My name is Itzik Weinberg. I was born in December 1938.
In September 1939, Nazi Germany invaded Poland, and for the Jews began the devil's dance. Like other people, we were sent to a ghetto, the Krakow ghetto, and until 1942 I lived in the ghetto. June 1942 was the time of the Great Action, which changed my whole life. They took almost my entire family. We were 64 souls. 60 of them were put on a train that day and sent to the Belsetz extermination camp. My father was 32, my mother was 28, and one of the reasons I agreed to testify here was as a memorial to them.
On that day, four of us were away. My brother, my father's sister, 23 years old, who had just married, her husband, and me. We were away because they took us into hiding that day. My father's sister realized that we were bound to end up like the rest of the family, and she decided we would flee the ghetto that night. With her meager savings she bribed the guards and the four of us escaped that night from the ghetto. That was their honeymoon: a trek that lasted 800 days and nights, all over Poland until eventually we fled via Czechoslovakia to Hungary. She had a particular method of survival. She would knock on a gentile's door and after two or three sentences she would sense by intuition, whether or not he was an enemy. Whether he'd sell us a piece of bread and give shelter or whether he would turn us in to the Gestapo. In the end of February 1944 she decided we must cross over the Hungary where there was no war. But we could be happy for only 19 days because on March 19, as you know, the Germans entered Budapest and the devil's dance resumed.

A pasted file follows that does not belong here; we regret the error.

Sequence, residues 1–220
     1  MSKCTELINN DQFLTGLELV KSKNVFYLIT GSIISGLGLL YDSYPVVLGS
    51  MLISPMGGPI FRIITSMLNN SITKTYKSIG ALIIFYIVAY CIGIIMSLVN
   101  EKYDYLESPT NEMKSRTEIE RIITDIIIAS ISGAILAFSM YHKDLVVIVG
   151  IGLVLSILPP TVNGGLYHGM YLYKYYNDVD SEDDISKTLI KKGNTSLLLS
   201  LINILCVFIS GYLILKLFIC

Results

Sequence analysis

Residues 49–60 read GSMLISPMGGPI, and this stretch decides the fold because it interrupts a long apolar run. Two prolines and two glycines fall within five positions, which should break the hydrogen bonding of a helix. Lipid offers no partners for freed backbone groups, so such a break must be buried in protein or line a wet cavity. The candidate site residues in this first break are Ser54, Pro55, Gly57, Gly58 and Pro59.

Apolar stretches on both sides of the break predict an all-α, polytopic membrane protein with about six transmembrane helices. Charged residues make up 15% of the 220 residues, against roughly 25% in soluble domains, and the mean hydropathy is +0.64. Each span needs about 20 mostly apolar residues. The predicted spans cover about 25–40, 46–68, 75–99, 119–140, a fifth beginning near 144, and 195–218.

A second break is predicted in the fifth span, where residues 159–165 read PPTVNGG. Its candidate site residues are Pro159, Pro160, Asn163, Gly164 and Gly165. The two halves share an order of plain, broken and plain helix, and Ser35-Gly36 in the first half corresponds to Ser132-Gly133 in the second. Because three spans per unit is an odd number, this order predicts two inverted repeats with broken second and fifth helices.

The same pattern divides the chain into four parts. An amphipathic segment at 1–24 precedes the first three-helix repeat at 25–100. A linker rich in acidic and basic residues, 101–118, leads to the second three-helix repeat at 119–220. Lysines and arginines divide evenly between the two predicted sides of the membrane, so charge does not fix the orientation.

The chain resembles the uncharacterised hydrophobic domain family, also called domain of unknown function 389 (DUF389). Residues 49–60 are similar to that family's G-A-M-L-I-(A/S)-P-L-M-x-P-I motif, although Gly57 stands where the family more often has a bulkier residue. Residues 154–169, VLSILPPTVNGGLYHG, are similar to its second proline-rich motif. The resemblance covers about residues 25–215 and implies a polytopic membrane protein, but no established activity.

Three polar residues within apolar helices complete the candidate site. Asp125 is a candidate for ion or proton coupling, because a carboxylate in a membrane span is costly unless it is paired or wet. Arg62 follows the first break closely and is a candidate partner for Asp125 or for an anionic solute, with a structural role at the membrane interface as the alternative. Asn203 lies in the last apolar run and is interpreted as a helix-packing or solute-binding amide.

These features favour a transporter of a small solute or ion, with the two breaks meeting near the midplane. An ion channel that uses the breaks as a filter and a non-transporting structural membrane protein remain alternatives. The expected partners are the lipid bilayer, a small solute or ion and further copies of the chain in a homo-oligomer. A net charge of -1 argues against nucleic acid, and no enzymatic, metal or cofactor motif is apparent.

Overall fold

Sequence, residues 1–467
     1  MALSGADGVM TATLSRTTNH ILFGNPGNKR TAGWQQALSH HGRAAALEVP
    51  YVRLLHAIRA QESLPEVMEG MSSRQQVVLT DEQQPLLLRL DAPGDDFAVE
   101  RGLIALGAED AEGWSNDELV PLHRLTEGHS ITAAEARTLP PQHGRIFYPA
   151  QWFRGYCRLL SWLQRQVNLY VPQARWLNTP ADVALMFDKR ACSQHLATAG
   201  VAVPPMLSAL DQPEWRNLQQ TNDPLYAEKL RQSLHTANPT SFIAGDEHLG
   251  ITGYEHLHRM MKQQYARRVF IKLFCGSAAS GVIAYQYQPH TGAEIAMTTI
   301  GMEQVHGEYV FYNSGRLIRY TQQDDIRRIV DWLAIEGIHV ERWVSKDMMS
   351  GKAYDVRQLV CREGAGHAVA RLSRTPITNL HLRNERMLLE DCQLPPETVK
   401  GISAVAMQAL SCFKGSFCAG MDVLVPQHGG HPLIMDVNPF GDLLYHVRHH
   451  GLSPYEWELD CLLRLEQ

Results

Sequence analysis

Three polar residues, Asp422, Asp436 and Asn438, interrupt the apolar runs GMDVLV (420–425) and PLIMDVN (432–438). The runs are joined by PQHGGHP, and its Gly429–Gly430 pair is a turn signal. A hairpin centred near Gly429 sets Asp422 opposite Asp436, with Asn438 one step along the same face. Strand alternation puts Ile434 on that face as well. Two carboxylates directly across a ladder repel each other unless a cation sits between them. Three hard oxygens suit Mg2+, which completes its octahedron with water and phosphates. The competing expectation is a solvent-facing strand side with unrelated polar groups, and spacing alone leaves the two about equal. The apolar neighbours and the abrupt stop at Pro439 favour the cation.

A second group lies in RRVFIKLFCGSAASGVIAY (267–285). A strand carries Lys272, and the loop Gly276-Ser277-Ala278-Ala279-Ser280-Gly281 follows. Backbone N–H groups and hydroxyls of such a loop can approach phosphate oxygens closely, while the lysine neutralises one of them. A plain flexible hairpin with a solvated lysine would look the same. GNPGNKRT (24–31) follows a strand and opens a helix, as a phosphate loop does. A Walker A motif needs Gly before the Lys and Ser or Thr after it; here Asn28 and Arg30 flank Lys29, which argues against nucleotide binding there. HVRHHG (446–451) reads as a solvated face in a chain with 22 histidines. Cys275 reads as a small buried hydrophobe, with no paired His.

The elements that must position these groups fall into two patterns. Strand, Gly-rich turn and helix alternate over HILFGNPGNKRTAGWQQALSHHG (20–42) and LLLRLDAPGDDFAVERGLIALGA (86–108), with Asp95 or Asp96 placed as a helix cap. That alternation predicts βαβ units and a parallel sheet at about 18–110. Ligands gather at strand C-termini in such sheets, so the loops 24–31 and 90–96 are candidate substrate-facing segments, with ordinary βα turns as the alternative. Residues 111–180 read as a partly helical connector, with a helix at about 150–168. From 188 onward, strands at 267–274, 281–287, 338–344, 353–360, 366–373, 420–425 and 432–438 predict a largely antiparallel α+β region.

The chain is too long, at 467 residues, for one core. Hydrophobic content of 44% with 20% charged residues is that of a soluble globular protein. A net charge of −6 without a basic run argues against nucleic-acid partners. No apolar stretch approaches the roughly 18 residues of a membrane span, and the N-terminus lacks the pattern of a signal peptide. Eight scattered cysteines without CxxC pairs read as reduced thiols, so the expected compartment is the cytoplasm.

She heard a rumor that Israel Kastner was organizing a train to safety. When she heard that, she decided to get us on it, and save us by getting us to Eretz Israel. She found a Hungarian couple and they agreed that when the train started moving, she would toss us into a wagon, and they'd have to look after these two children who are illegal passengers and once in Eretz Israel they would place us with Youth Aliya.
But...that is not what happened. The negotiations failed and the train, instead of going to Eretz Israel, was sent to Germany, and 1,685 people ended in Bergen-Belzen concentration camp. Inside the camp they started separating, men to one side, women and children to the other, and our group dwindled until my brother and I were alone in the middle of the camp. Just before dark, we saw the silhouette of a girl coming and she said works in a foreign language. She spoke Hungarian, and we understood only Polish. But she gave us a warm hug, and we knew we were wanted, and she took us arm in arm to her barracks. She introduced us to her friend, Naomi Mayer, a beautiful 20-year-old, who decides to take us in and look after us, and also adopt us like a mother.
In December 1944 came the telegram we were waiting for along with the other train survivors. Kastner had managed to raise the money Eichmann demanded and we were released and went to Switzerland. It took us many months to recover, but eventually in September 1945, after 9 months in the Swiss paradise we were told we are about to immigrate to Eretz Israel through Youth Aliya.